Mitt Romney, a Republican Church member, will take office as Massachusetts governor in January, winning a close political race Nov. 5 in a state where Democratic voters outnumber Republicans nearly three to one.
The former chief of the 2002 Olympic Winter Games hosted by Salt Lake City, Governor-elect Romney defeated Democrat Shannon O'Brien, the state treasurer whose family has worked in Massachusetts politics for four generations.
While former U.S. Congressman Matt Salmon lost a bid for Arizona governor, one Latter-day Saint was re-elected to the U.S. Senate and 10 were elected or re-elected to the U.S. House of Representatives during the 2002 November general election.
Gordon Smith, R-Oregon, was re-elected to the Senate.
Incumbents Chris Cannon, R-Utah; John Doolittle, R-Calif.; Jeff Flake, R-Ariz.; Wally Herger, R-Calif.; Ernest Istook, R-Okla.; Jim Matheson, D-Utah; Buck McKeon, R-Calif.; Tom Udall, D-N.M; and Mike Simpson, R-Idaho, all won re-election.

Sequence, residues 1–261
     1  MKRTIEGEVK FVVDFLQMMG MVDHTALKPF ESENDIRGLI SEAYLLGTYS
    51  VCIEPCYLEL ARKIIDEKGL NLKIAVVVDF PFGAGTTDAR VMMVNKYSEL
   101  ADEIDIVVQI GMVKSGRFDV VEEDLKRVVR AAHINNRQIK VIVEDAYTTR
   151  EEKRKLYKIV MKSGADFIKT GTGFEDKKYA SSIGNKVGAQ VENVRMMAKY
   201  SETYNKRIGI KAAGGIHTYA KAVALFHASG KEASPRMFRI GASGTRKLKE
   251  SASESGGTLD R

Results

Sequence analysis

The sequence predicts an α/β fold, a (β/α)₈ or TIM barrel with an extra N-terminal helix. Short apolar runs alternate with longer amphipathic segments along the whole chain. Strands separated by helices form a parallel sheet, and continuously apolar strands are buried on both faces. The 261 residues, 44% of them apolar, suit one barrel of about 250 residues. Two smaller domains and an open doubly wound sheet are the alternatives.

Rob Bishop, a Republican Church member from Utah, was elected to the seat held for years by Rep. Jim Hansen, R-Utah, who will retire at the end of this year.
Rep. Eni Faleomavaega, American Samoa's non-voting Congressional delegate, won the majority vote during the election but still faces a runoff because he did not gain 50 percent of the vote.
And while not up for re-election this November, Latter-day Saint Senators Orrin Hatch, R-Utah; Bob Bennett, R-Utah; and Harry Reid, D-Nevada; will all be affected by the change in power in the U.S. Senate. With the Republicans again gaining control, Sen. Hatch will become chairman of the Senate Judiciary Committee, which he headed from 1995-2001, and Sen. Bennett will chair the Joint Economic Committee. Sen. Reid was voted Senate majority whip the highest-ranking position a Church members has held in Congress following the dramatic shift of power during the 107th U.S. Congress. With the power again shifting to the Republicans, Sen. Reid will likely serve as minority whip.